Over the weekend, reports in The Financial Times and The Wall Street Journal said that Google was likely to shut Google.cn down because Chinese authorities would not change their Internet censorship rules and no accommodation between the Google and the Chinese government had been reached.
Google declined to comment on the reports.
The company in January said it would stop censoring its search results in China following a sophisticated cyber-attack from China that targeted the Gmail accounts of human rights organizations and resulted in the theft of its intellectual property.
The New York Times on Sunday said that Chinese authorities have warned Google's search partners in China that they must comply with censorship laws and that they should make plans in case Google does stop censoring search results, a situation that would likely result in a government-mandated shutdown and service interruption.
According to The New York Times, however, Google is more likely to turn off google.cn than to provoke Chinese authorities by flouting local laws. On Friday, Li Yizhong of the Chinese Ministry of Industry and Information Technology (MIIT) warned Google that it will face consequences if it fails to obey Chinese laws.
At a March 2nd hearing on Internet freedom in Washington, D.C., Assistant Senate Majority Leader Dick Durbin (D-IL) praised Google for its decision to stop censoring search results in China and questioned why so few companies in the IT sector were willing to address human rights challenges.
"With a few notable exceptions, the information technology industry seems unwilling to regulate itself and unwilling even to engage in a dialogue with Congress about the serious human rights challenges the industry faces," said Durbin in a statement. "As a result, I plan to introduce legislation that would require Internet companies to take reasonable steps to protect human rights or face civil or criminal liability. I recognize that the IT industry faces difficult challenges when dealing with repressive governments, but Congress has a responsibility to ensure that American companies are not complicit in violating the fundamental human rights of Internet users around the globe."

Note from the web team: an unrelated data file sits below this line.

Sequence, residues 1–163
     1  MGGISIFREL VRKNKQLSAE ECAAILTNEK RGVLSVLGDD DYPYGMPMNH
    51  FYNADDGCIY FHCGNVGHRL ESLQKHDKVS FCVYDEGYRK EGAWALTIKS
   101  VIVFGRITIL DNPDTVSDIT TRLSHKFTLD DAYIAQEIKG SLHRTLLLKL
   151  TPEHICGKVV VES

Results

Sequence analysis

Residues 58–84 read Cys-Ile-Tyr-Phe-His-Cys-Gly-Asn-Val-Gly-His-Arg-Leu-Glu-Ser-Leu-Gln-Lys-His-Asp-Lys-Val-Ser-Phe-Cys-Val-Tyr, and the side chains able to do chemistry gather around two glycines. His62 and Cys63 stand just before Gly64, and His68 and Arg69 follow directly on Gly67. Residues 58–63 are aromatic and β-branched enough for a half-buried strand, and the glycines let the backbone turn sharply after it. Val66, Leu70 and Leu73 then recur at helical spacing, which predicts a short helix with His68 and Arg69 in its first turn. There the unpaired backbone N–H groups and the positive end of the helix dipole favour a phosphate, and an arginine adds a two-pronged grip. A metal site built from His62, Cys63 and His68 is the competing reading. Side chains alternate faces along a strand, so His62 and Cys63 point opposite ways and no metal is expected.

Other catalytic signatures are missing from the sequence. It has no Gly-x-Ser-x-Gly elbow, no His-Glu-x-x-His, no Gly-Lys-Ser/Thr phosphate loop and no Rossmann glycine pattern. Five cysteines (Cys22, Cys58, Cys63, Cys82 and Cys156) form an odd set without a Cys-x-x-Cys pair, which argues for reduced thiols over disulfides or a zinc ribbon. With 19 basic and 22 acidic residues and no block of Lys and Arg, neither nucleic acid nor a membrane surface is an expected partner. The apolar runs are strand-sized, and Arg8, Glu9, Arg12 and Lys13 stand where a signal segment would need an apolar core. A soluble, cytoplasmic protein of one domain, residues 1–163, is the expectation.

He noted that the the Global Network Initiative (GNI), a voluntary code of conduct that seeks to guide companies operating in countries that limit Internet freedoms, currently has only three industry members: Google, Microsoft, and Yahoo.
In January, Durbin sent letters to 30 technology companies asking them to participate in the GNI.
Of the companies that received the letters -- Acer, Amazon, Apple, AT&T, Cisco, Dell, eBay, Facebook, Fortinet, HP, IAC, IBM, Lenovo, Juniper, McAfee, Motorola, News Corp, Nokia, Nokia Siemens, Oracle, RIM, SAP, Siemens, Skype, Sprint Nextel, Toshiba, Twitter, Verizon, Vodafone, and Websense -- only AT&T, McAfee and Skype said they'd discuss joining GNI, while Websense said that it would do so if the fee was waived.
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